Their backs were against the Wall, so to speak.
But a flood of faxes sent to Israeli legislators has staved off — at least temporarily — consideration of a new law that if passed, would ban women from conducting any religious ceremony in their section at the Western Wall.
The bill, submitted to the Knesset by members of the United Torah Judaism party, would prohibit women from opening a Torah scroll, blowing a shofar, or wearing a tallit or tefillin at Judaism’s holiest site. Violators would face seven years in prison.
The bill was aimed squarely at the Women of the Wall, a Modern Orthodox group that meets for morning services on Rosh Chodesh — the traditional women’s holiday that starts each new Jewish month.
In fervently Orthodox practice, which is now in place at the Wall, women are forbidden to touch — let alone read from — a Torah scroll.
The bill’s language, which would also prohibit prayers by men and women in a mixed group, would have also precluded the recent efforts of Conservative and Reform Jews to pray within the Wall’s vicinity on Jewish holy days.
When WoW leaders notified supporters of the impending bill, organizations including the Orthodox group Meimad, the Israeli branch of the Conservative movement and Hadassah urged their members to register opposition with Prime Minister Ariel Sharon and other prominent Knesset members.
The Israeli government leaders received about 1,000 faxes and e-mails, according to a note sent to supporters by Peggy Cidor, WoW’s Jerusalem coordinator.
As a result, Labor Knesset member Efi Oshaya sent a message to Sharon, who was here in the U.S., saying his party would withdraw from the coalition government if the bill passed, Cidor wrote.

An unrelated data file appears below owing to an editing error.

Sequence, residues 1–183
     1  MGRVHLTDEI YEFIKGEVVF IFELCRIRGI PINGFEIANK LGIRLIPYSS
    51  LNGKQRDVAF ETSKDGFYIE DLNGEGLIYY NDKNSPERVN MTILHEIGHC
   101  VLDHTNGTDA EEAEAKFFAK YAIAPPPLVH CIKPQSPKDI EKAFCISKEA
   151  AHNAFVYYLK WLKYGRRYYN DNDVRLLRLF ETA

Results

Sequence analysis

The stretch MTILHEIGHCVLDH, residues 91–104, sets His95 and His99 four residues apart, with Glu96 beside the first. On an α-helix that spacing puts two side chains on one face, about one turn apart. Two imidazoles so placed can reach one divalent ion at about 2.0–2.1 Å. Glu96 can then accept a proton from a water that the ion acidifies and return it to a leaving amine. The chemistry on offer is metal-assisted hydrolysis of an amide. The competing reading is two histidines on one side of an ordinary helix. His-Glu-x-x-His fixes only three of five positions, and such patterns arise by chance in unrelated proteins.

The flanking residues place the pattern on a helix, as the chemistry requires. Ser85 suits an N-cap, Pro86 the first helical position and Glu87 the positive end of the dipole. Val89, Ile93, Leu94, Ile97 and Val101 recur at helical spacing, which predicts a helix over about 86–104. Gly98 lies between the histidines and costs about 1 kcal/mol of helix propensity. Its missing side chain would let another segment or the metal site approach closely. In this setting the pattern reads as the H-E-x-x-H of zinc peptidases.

WoW and the government have been battling it out in Israel’s Supreme Court since soon after women first tried to pray at the wall as a group in December 1988. Its most recent ruling, in May 2000, was a limited win for WoW. The court said that WoW has a right to pray at the Wall but instructed the government to work out the details. The government, which in the past asked the women’s group to pray outside the Old City walls, in Arab East Jerusalem, asked the court for the right to appeal, which the justices are now considering.
“At issue here is not only the rights of WoW members but of any Jew who wants to pray at the Wall” in a way not permitted by the status quo, said WoW attorney Miriam Benson.
“The Orthodox community backs legislation aimed at preserving the traditional religious character of the Kotel and plaza area” in front of it, said Rabbi Avi Shafran, spokesman for Agudath Israel of America. “But right now Israel and the Jewish people have many, many more pressing matters to worry about. I don’t think anyone will feel upset that this has been pushed off for a quieter moment.”